What just happened with Stephen Kinnock's amendment, and what does it mean?

The amendment places no legal obligations on Parliament other than to hold a vote, but a series of theories about why the government acted as it did are doing the rounds.

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MPs have voted through a bill to mandate the executive to seek an extension to the Article 50 process – and have imposed an unexpected extra condition on themselves: to debate and vote on the withdrawal agreement for a fourth time, coupled with a series of further concessions and guarantees on workers’ rights, offered by Theresa May in her doomed final bid to get Labour MPs on board with her plan.

The amendment, tabled by Stephen Kinnock and backed by more than a dozen of his colleagues, passed thanks to legislative chicanery by the government, who deliberately neglected to provide tellers for the No side, which meant that it passed by default.

The amendment places no legal obligations on Parliament other than to hold a vote, but a series of theories about why the government acted as it did are doing the rounds. The first is that they hoped that it would cause Labour to abandon its support for the bill as a whole, as the Labour leadership also opposed the amendment. However, because Labour’s legal advice – and indeed the legal and constitutional advice of essentially every lawyer and constitutional expert on the planet as far as I can tell – is that the amendment means very little there was no real prospect of that, and indeed, even had it it been Labour would have been highly reluctant to be left holding the bag for a no-deal Brexit.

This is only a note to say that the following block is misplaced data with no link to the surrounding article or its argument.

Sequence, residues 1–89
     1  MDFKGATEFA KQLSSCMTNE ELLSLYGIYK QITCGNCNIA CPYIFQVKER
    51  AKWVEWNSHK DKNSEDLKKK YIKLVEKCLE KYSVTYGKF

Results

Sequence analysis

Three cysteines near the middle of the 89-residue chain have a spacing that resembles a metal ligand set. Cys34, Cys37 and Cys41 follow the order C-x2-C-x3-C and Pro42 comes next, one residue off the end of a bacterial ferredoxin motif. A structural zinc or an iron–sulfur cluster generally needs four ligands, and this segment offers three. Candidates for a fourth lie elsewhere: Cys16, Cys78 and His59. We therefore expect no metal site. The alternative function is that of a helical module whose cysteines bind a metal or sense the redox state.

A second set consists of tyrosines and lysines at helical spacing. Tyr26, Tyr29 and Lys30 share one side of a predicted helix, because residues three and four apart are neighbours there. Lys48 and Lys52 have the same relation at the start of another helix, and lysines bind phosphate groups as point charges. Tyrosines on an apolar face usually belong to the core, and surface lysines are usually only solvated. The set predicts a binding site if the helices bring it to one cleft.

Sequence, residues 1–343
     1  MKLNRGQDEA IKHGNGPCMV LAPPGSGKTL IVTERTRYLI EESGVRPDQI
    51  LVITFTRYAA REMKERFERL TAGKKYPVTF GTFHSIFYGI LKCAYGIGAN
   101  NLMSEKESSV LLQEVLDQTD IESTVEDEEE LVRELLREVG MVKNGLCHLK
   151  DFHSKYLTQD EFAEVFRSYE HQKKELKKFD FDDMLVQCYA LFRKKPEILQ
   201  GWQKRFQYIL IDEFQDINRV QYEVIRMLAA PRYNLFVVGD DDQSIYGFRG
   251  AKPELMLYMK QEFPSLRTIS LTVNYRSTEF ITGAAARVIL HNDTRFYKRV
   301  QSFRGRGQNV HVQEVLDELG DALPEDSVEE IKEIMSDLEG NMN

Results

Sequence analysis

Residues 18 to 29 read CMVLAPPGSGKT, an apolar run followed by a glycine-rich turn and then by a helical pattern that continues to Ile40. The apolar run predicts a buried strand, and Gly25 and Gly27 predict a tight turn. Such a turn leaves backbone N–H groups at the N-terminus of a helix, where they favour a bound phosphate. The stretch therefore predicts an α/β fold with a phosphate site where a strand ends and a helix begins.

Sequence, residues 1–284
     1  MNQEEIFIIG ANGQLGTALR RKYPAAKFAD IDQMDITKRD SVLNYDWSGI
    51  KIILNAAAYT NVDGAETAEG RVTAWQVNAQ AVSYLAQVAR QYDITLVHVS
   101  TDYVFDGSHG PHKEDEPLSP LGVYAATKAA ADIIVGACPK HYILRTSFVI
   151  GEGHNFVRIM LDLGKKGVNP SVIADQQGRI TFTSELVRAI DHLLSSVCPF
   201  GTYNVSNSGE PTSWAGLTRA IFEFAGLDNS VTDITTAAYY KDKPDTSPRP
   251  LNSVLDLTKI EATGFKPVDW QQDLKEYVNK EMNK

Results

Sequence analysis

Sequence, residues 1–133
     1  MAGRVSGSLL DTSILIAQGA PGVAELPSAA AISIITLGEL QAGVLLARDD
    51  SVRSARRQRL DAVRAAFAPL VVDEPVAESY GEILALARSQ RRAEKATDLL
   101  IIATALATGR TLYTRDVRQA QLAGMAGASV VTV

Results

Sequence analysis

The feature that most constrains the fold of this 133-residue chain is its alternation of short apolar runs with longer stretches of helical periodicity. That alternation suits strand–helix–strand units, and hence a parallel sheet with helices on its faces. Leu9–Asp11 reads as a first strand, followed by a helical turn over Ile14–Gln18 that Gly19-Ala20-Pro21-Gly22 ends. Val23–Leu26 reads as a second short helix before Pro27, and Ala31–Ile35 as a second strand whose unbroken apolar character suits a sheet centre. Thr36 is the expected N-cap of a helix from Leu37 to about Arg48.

But the second and more important consequence is that because the vote passed by default, there is no division list. Even in defeat, the bill risked creating a far more dangerous blow to Boris Johnson than any effort to delay no deal – a positive majority for an alternative Brexit approach. Had 30 or so Labour MPs actually voted for the deal, the path to a plausible and negotiable deal other than that favoured by Johnson would have been clear.

I think it is highly unlikely that such a path exists – the concessions May negotiated made it even more unpalatable to Conservative MPs and there is no prospect of a Johnson government signing up to an agreement that ends up with a closer relationship with the European Union than the one envisaged by May.

But the significant development tonight is that we cannot say for sure that is the case – and that a real threat to Johnson’s strategy has been, at the least, delayed.

Stephen Bush is political editor of the New Statesman. His daily briefing, Morning Call, provides a quick and essential guide to domestic and global politics.